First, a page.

It’s perhaps the cliché of clichés in the sports realm, particularly when it comes to baseball, where so many players shuttle back and forth between the majors and the minors over the course of a season. But Wright genuinely seems excited to be in The Show, so much so that he’s totally OK with the Boston Red Sox’s decision to bump him from the rotation to the bullpen as part of their downsize from a six-man rotation to a traditional five-man unit.
“As long as I’m here, I’m happy,” Wright said before Sunday’s game against the Oakland Athletics at Fenway Park, according to the Boston Herald. “I know (former Red Sox outfielder and NESN analyst) Jim Rice said the other day, ‘As long as I’m on the plane and not a bus, I’m happy.’ But it honestly is that simple for me, because I know my role.”
Wright is no stranger to bouncing between the rotation and the bullpen. His versatility is part of what makes him so valuable to the Red Sox. The knuckleballer pitched well in four starts after replacing Justin Masterson in the rotation, though. It would have been understandable if he was disappointed by the news the Red Sox are sticking with Joe Kelly, who was in direct competition with Wright for the fifth and final spot in Boston’s rotation.
But instead, Wright, who’s about as laid-back as they come, remains focused on pitching well enough to stick on Boston’s roster in any capacity. He realizes a demotion to Triple-A Pawtucket isn’t out of the question if he falters at some point in the future.
“It’s like, you’ve got these guys that have earned the right in their spot. Me, I just want to hold it down as long as I can if it is my job to do that,” Wright said. “If I go in the ‘pen, hey, I’m still in the big leagues, man. What else do you want?”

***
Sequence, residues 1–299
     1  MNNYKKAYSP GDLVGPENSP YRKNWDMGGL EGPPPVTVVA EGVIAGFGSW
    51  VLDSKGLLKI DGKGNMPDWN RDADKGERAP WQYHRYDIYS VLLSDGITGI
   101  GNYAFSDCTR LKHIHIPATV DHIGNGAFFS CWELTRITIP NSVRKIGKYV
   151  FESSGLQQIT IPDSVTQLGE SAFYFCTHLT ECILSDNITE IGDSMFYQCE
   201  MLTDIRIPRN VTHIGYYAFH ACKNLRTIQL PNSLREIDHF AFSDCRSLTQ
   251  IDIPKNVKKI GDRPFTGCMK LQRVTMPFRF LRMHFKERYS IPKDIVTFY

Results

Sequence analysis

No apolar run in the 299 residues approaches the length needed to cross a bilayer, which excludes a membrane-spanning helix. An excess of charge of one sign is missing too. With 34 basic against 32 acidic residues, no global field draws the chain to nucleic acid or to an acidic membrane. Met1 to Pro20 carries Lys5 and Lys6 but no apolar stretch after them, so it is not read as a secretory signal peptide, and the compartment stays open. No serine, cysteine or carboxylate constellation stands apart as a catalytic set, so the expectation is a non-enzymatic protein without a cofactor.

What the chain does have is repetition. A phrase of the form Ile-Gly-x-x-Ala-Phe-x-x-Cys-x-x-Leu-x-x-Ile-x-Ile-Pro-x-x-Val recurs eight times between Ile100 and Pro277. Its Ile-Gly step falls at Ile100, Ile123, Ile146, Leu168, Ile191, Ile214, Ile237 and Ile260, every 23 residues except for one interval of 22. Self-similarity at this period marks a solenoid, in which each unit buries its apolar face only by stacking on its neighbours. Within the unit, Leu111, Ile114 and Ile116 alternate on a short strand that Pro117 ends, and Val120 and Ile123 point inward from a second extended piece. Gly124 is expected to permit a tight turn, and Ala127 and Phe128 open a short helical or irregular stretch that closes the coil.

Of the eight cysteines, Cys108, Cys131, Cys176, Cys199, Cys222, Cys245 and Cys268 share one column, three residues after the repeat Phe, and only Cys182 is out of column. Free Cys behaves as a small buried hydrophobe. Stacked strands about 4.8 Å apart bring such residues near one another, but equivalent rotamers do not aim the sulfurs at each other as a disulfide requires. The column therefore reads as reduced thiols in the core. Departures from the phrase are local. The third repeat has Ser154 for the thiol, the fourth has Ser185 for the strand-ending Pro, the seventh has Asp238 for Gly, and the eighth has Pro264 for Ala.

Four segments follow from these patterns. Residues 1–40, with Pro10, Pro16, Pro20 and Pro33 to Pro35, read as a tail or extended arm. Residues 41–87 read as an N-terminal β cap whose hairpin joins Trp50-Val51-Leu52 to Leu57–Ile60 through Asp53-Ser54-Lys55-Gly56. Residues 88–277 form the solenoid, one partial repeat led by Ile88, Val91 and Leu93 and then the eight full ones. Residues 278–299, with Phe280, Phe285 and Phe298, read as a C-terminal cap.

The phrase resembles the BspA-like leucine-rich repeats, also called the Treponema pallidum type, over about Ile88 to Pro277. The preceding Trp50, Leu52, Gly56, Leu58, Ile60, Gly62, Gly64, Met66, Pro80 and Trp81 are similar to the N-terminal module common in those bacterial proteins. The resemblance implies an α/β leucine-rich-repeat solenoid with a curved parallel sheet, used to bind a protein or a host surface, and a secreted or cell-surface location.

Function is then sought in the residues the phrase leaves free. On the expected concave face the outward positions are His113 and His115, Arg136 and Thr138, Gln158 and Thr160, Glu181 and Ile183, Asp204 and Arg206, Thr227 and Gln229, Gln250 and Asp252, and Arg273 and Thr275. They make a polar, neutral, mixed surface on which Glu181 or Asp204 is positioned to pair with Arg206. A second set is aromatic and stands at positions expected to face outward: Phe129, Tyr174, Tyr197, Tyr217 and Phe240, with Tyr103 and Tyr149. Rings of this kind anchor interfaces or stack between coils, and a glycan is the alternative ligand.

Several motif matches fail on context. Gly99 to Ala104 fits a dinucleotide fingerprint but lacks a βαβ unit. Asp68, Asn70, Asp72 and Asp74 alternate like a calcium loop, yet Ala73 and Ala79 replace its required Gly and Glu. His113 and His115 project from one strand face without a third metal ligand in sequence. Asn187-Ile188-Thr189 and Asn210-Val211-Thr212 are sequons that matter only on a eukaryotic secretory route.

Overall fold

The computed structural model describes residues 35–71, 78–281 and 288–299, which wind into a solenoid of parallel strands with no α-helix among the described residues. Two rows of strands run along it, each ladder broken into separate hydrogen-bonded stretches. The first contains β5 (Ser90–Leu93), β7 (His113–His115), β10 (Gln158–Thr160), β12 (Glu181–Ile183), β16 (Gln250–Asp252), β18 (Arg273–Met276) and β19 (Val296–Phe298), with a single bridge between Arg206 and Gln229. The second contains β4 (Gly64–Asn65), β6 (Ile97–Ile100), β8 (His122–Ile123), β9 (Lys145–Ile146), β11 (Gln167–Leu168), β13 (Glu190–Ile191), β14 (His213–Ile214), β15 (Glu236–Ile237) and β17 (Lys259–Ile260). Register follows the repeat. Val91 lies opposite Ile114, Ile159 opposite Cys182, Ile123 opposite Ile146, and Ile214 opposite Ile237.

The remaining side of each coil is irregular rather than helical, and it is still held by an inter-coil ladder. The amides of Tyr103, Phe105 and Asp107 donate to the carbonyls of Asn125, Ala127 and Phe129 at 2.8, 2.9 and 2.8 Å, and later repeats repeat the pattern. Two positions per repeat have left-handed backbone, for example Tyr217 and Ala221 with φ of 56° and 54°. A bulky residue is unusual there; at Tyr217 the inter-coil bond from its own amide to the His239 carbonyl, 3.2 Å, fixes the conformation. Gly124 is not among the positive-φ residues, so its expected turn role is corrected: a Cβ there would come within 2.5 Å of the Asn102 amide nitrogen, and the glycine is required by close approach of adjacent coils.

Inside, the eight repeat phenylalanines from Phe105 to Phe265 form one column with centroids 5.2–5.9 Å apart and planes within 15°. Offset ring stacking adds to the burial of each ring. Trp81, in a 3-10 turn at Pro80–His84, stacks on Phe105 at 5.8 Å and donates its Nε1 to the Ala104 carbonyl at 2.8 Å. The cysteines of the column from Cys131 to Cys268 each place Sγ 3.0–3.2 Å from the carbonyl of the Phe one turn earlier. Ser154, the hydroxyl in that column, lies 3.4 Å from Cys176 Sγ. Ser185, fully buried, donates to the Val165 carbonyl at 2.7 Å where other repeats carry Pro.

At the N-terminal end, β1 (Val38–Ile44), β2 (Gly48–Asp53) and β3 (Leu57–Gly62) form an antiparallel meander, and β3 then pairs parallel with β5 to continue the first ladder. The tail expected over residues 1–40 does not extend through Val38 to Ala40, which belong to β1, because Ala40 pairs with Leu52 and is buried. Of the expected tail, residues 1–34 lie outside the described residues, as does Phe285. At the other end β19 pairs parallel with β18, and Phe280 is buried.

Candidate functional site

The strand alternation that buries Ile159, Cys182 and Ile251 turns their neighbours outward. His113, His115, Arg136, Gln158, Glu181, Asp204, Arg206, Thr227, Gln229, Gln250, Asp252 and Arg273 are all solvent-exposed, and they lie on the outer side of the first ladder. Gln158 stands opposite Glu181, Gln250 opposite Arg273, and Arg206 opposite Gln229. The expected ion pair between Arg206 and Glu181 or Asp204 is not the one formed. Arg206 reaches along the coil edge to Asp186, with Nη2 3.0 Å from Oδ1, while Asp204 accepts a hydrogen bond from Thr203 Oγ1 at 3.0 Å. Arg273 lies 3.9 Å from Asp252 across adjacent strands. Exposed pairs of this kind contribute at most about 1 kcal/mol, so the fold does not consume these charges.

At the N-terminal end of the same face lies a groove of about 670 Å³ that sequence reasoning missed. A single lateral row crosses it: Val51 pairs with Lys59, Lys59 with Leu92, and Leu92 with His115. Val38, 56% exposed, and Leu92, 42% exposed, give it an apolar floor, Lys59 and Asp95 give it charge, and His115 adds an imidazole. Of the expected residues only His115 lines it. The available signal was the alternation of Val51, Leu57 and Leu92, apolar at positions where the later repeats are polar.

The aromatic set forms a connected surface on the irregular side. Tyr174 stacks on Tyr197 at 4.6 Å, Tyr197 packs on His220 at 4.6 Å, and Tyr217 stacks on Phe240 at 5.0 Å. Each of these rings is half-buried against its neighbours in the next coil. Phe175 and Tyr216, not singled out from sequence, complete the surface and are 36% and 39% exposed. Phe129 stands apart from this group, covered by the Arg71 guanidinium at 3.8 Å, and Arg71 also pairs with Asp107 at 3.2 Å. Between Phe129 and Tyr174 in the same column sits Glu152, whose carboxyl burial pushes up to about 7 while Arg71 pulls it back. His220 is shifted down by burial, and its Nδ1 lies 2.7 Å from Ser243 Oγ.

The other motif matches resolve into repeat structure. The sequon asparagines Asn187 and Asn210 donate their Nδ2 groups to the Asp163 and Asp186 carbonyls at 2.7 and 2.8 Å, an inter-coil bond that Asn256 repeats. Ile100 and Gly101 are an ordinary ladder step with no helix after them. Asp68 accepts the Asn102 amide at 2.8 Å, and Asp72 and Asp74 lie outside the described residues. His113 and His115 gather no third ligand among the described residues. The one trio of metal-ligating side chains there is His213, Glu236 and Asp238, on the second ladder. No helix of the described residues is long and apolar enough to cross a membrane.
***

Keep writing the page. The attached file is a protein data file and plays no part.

Wright has a unique perspective on the situation because there was a time not too long ago when it looked like his days as a professional baseball player might be numbered. It wasn’t until Wright started using a knuckleball as his primary pitch while in the Cleveland Indians organization in 2011 that a sustained major league career seemed like an attainable goal. As such, the 30-year-old, who debuted in the bigs with Boston in 2013, has a deep appreciation for simply pitching at baseball’s highest level.
“That’s what I tell guys. I’m in the big leagues. I don’t care. Five, six years from now, maybe. Pick a role,” Wright said. “But dude, even then, it’s like, two years ago I was about to quit. I was getting ready to friggin’ hang it up, and next thing you know, I’m pitching at Fenway Park.
“Why would I even think about trying to seclude myself or even say, ‘I want to be a starter’ or ‘I want to be a reliever?’ When you’re in the big leagues, man, it doesn’t really matter, at least to me.”
Wright likely will start again at some point this season, for one reason or another, and the Red Sox can be confident in his ability to do so. But even if he doesn’t, don’t expect him to kick up a fuss.
Wright is a major leaguer right now. And that’s enough to make him happy.
Thumbnail photo via Greg M. Cooper/USA TODAY Sports Images
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